More Stories By Glenn Rossman

Glenn Rossman has more than 25 years communications experience working at IBM and Hewlett-Packard, along with startup StorageApps, plus agencies Hill & Knowlton and G&A Communications. His experience includes media relations, industry and financial analyst relations, executive communications, intranet and employee communications, as well as producing sales collateral. In technology, his career includes work in channel partner communications, data storage technologies, server computers, software, PC and UNIX computers, along with specific industry initiatives such as manufacturing, medical, and finance. Before his latest stint in technology, Glenn did business-to-business public relations on behalf of the DuPont Company for its specialty polymers products and with the largest steel companies in North America in an initiative focused on automakers.

Comments (0)

Share your thoughts on this story.

Add your comment
You must be signed in to add a comment. Sign-in | Register

In accordance with our Comment Policy, we encourage comments that are on topic, relevant and to-the-point. We will remove comments that include profanity, personal attacks, racial slurs, threats of violence, or other inappropriate material that violates our Terms and Conditions, and will block users who make repeated violations. We ask all readers to expect diversity of opinion and to treat one another with dignity and respect.


CloudEXPO Stories
Technology has changed tremendously in the last 20 years. From onion architectures to APIs to microservices to cloud and containers, the technology artifacts shipped by teams has changed. And that's not all - roles have changed too. Functional silos have been replaced by cross-functional teams, the skill sets people need to have has been redefined and the tools and approaches for how software is developed and delivered has transformed. When we move from highly defined rigid roles and systems to more fluid ones, we gain agility at the cost of control. But where do we want to keep control? How do we take advantage of all these new changes without losing the ability to efficiently develop and ship great software? And how should program and project managers adapt?
Even if your IT and support staff are well versed in agility and cloud technologies, it can be an uphill battle to establish a DevOps style culture - one where continuous improvement of both products and service delivery is expected and respected and all departments work together throughout a client or service engagement. As a service-oriented provider of cloud and data center technology, Green House Data sought to create more of a culture of innovation and continuous improvement, from our helpdesk on to our product development and cloud service teams. Learn how the Chief Executive team helped guide managers and staff towards this goal with metrics to measure progress, staff hiring or realignment, and new technologies and certifications.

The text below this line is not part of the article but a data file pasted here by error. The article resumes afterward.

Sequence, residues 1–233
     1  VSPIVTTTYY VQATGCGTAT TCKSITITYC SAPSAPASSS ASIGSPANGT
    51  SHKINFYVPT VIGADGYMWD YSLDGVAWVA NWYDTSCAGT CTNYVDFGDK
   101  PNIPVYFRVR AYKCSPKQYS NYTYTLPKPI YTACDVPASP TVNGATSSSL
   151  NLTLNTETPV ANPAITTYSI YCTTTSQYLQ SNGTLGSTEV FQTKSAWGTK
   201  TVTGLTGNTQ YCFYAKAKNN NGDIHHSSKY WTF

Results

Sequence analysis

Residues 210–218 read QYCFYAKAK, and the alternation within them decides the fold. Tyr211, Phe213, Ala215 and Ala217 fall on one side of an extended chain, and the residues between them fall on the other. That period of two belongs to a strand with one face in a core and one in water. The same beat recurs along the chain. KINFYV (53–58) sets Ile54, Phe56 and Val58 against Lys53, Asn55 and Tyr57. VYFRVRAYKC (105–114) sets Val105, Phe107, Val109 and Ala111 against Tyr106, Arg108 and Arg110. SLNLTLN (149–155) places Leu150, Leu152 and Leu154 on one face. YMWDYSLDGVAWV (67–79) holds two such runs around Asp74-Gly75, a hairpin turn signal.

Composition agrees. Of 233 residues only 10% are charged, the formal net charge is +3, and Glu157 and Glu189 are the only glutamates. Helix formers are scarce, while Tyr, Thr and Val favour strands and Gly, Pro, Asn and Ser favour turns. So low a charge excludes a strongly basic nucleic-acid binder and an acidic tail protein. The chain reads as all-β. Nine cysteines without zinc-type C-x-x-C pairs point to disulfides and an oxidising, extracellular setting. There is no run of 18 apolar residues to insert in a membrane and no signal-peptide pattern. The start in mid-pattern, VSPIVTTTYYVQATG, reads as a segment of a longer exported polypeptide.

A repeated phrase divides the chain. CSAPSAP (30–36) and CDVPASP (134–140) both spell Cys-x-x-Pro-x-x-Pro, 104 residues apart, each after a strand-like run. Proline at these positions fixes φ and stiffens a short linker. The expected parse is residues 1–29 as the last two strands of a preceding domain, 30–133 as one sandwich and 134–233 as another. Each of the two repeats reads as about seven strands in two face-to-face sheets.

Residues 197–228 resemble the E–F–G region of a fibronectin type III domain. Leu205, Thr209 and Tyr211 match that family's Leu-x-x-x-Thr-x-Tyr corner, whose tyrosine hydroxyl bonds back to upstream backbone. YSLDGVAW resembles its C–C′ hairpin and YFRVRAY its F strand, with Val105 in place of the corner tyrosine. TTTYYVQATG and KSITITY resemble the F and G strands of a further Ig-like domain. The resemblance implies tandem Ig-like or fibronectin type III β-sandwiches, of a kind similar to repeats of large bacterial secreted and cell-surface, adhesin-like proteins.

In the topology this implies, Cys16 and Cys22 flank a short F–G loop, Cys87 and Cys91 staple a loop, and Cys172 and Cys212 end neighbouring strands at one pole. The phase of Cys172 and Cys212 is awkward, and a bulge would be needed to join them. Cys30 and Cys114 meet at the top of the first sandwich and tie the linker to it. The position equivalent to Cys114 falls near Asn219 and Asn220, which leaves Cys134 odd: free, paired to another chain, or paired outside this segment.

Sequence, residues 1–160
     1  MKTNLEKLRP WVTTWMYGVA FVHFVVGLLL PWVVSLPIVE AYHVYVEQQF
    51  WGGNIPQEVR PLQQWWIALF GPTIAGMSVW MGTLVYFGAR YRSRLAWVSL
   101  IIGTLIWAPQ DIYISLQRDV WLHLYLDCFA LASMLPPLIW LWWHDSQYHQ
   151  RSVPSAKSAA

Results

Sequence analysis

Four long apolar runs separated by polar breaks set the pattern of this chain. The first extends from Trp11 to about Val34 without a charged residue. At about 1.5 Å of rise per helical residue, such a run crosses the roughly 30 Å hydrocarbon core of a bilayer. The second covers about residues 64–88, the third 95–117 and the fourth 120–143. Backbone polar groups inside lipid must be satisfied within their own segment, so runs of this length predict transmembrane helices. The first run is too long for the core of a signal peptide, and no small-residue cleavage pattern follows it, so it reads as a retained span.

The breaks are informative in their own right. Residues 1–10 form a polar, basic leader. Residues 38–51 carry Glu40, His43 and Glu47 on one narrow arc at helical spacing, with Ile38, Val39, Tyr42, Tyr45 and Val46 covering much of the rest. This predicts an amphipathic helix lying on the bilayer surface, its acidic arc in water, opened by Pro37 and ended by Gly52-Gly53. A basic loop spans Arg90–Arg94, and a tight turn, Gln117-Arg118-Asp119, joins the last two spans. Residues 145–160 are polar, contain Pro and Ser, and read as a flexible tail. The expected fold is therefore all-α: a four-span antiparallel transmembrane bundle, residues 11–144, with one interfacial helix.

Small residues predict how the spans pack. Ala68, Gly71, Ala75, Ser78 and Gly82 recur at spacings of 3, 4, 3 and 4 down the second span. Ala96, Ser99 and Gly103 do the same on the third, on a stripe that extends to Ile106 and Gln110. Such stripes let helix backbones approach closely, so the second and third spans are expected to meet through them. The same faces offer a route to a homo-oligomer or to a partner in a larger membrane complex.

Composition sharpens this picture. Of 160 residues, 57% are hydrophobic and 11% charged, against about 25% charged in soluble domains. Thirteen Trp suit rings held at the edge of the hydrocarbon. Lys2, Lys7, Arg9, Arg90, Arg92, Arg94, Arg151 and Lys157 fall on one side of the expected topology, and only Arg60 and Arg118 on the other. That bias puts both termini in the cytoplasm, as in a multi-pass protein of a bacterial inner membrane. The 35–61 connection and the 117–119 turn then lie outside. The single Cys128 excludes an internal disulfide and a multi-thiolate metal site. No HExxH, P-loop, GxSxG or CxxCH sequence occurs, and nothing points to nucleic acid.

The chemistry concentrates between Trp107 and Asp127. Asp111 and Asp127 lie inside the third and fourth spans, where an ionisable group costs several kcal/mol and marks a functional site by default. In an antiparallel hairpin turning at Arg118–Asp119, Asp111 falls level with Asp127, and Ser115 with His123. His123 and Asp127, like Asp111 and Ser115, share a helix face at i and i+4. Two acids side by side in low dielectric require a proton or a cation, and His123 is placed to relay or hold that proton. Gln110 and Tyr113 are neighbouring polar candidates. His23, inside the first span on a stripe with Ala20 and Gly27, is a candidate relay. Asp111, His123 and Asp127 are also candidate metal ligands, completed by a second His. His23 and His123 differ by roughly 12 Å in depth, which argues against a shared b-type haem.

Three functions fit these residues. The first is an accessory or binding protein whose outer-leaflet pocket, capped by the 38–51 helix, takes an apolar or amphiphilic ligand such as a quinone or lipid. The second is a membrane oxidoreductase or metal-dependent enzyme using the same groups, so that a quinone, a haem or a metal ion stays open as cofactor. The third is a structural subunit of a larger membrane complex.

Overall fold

When Enterprises started adopting Hadoop-based Big Data environments over the last ten years, they were mainly on-premise deployments. Organizations would spin up and manage large Hadoop clusters, where they would funnel exabytes or petabytes of unstructured data.However, over the last few years the economics of maintaining this enormous infrastructure compared with the elastic scalability of viable cloud options has changed this equation. The growth of cloud storage, cloud-managed big data environments, and cloud data warehouses like Snowflake, Redshift, BigQuery and Azure SQL DW, have given the cloud its own gravity - pulling data from existing environments. In this presentation we will discuss this transition, describe the challenges and solutions for creating the data flows necessary to move to cloud analytics, and provide real-world use-cases and benefits obtained through adop...
Docker and Kubernetes are key elements of modern cloud native deployment automations. After building your microservices, common practice is to create docker images and create YAML files to automate the deployment with Docker and Kubernetes. Writing these YAMLs, Dockerfile descriptors are really painful and error prone.Ballerina is a new cloud-native programing language which understands the architecture around it - the compiler is environment aware of microservices directly deployable into infrastructures like Docker and Kubernetes.
Your applications have evolved, your computing needs are changing, and your servers have become more and more dense. But your data center hasn't changed so you can't get the benefits of cheaper, better, smaller, faster... until now. Colovore is Silicon Valley's premier provider of high-density colocation solutions that are a perfect fit for companies operating modern, high-performance hardware. No other Bay Area colo provider can match our density, operating efficiency, and ease of scalability.